Although oral sex is thought to be lower risk than penetrative (vaginal, anal) sex, this does not mean that oral sex is risk-free.
Factors that can increase your risk of getting an STI during oral sex include:
- You and/or your partner have unprotected oral sex with multiple partners
- You and/or your partner engage in drug use before/during oral sex – this is sometimes referred to as ‘chemsex’
- Sharing sex toys that have not been cleaned between uses
- You or your partner have cuts or sores around your mouth, genitals, or anus. Infections can travel more easily through broken skin
For further guidance, visit www.sexwise.org.uk.
Is oral sex safer than penetrative sex (vaginal/anal sex)?
The risk posed by different types of sex (oral, vaginal, anal) depends on several factors, including how sexually active a person is, how many sexual partners they have, what protection is used during sexual activity, how often they get tested for STIs and, if they have an infection, the type of infection they have.
The important thing to remember is that, because many STIs are spread via skin-to-skin contact or bodily fluids (semen, vaginal fluids), oral sex is not risk-free.
How can I reduce the risk of catching an STI from oral sex?
You can reduce the risk of catching STIs by using protection each time you have oral sex (e.g. condoms, dental dams or other barrier methods).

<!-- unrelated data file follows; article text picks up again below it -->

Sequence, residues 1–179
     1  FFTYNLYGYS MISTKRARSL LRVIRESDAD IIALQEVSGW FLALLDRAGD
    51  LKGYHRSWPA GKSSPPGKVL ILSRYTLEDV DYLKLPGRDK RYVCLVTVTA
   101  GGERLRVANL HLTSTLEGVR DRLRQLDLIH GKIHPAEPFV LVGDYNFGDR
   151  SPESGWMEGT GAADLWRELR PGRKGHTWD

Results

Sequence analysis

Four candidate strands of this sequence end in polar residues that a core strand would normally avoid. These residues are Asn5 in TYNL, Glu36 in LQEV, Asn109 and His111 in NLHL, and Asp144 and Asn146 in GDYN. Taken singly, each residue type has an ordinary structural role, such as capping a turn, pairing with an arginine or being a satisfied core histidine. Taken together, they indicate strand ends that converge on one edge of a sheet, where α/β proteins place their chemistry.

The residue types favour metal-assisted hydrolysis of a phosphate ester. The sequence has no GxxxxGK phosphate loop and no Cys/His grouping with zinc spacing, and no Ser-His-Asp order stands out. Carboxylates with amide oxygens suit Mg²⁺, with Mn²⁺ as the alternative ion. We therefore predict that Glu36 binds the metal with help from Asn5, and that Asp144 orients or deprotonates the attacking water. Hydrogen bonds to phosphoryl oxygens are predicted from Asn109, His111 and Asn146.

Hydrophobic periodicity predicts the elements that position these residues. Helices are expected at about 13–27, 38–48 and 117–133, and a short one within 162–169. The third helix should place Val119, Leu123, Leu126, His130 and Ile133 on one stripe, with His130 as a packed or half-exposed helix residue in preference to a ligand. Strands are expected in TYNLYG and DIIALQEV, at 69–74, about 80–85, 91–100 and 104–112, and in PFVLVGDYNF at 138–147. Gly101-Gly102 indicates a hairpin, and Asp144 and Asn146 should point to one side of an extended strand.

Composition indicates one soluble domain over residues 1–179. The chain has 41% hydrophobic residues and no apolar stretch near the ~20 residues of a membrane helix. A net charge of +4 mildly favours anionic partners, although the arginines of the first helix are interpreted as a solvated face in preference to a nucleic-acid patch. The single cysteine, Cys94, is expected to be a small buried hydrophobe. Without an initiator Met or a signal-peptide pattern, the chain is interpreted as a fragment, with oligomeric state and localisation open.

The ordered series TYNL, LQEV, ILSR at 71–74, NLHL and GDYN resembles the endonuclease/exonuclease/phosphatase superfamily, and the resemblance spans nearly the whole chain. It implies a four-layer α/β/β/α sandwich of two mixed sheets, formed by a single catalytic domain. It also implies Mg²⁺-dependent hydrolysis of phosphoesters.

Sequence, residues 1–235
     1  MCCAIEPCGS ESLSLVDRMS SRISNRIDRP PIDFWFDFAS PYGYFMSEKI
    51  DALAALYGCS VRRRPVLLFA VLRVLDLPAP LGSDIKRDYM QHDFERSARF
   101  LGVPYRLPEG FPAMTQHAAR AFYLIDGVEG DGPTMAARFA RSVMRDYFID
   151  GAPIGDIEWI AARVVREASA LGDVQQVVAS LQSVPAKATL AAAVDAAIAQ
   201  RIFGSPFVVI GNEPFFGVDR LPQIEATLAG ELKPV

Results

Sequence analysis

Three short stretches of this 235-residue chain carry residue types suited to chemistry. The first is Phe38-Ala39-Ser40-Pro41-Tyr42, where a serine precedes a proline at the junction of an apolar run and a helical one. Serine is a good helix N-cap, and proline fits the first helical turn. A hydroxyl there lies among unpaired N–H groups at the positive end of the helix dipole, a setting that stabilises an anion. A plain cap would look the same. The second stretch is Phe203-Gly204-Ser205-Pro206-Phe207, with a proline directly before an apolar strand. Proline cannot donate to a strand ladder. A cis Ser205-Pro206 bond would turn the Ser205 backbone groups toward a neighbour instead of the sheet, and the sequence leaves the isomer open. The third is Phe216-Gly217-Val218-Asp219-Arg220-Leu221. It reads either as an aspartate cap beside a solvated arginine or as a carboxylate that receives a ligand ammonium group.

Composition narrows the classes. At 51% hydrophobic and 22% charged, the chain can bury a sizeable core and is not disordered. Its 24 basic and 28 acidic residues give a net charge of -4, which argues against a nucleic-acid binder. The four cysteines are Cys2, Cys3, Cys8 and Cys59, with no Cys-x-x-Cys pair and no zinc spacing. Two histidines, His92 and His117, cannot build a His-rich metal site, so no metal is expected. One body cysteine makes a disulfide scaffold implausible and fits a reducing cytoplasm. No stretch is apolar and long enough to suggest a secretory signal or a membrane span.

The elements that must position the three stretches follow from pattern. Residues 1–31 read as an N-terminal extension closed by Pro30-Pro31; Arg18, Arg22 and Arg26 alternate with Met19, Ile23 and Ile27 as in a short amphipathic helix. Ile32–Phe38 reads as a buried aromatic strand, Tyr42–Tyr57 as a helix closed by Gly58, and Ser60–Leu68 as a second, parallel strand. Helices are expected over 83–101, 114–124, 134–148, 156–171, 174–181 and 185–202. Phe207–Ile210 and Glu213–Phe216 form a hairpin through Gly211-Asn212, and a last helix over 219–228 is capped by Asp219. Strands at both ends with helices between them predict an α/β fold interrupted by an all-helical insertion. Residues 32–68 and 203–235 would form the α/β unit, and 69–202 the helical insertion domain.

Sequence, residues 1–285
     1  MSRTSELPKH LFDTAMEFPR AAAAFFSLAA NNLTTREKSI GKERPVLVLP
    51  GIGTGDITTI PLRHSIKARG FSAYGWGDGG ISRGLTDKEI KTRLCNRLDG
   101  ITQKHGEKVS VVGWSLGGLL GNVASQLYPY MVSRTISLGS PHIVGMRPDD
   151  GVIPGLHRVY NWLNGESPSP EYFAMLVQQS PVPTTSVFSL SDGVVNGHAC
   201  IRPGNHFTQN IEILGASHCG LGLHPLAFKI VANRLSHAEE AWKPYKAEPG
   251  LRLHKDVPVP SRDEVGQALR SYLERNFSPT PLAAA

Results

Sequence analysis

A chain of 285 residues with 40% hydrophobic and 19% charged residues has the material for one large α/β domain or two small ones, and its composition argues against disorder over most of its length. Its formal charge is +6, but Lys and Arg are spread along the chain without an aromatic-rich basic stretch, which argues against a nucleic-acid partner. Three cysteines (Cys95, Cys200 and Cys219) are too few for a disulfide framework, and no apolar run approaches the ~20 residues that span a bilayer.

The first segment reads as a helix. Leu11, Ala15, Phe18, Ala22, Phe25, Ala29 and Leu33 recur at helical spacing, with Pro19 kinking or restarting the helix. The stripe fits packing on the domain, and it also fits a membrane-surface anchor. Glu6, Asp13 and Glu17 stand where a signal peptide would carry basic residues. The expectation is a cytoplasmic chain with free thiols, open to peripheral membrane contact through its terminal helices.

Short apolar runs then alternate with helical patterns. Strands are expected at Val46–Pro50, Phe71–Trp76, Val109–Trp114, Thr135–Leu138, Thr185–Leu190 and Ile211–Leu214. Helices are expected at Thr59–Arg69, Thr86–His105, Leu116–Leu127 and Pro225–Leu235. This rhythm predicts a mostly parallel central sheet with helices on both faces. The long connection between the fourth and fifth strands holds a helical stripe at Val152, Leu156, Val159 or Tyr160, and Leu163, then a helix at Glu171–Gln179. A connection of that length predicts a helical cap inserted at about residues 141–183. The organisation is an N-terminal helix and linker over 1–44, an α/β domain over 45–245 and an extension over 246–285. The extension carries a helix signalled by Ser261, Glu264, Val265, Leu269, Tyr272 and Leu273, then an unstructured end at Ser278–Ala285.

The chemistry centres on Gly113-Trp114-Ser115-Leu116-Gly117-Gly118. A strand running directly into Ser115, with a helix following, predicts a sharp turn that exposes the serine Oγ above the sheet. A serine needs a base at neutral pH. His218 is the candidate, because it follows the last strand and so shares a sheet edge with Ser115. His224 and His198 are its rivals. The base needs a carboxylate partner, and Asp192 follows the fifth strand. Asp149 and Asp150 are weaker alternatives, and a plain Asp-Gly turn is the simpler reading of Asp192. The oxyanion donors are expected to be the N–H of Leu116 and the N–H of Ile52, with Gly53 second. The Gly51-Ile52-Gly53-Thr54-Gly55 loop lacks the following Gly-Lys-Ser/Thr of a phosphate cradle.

This can help prevent skin-to-skin contact and the spread of bodily fluids, which can cause infections.
Regular sexual health checks, including testing for some of the most common and often symptomless infections can also help reduce the risk of catching STIs and spreading them to other people.
Other ways to reduce the risk of catching an STI from oral sex can be found at https://www.sexwise.org.uk/stis/oral-sex-and-sexually-transmitted-infections
How can I get tested for an STI from oral sex?
Whether you are experiencing symptoms that indicate you could have an STI, or do not have symptoms and just want a test to put your mind at rest, an at-home STI test from AlphaBiolabs is a simple, discreet and confidential way of finding out whether you have contracted an infection.
Your test kit will contain everything you need to collect your samples and return them to our UK laboratory.
However, if you are experiencing symptoms that are causing you severe pain and discomfort, or that require in-person examination, we advise you to contact your GP or local sexual health clinic as soon as possible. They will be able to provide advice on next steps for testing, diagnosis, and treatment.
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Technical Manager for Health Testing at AlphaBiolabs
Megan joined AlphaBiolabs in 2020 and holds the role of Technical Manager, playing a fundamental part in the research and development of the company’s new health testing services.
She also oversees the day-to-day processes in the Health Laboratory, managing the in-house validation and training of all new workflows, and ensuring the lab operates to the highest possible quality and technical standards.
During her time at AlphaBiolabs, Megan has played a key role in the development and launch of the company’s health testing services, including the introduction of a full suite of at-home STI tests, and the progression of the laboratory to ISO 15189 accreditation.
Megan holds a BSc in Biochemistry, an MSc in Biological Sciences, and is a member of the British Association for Sexual Health and HIV (BASHH).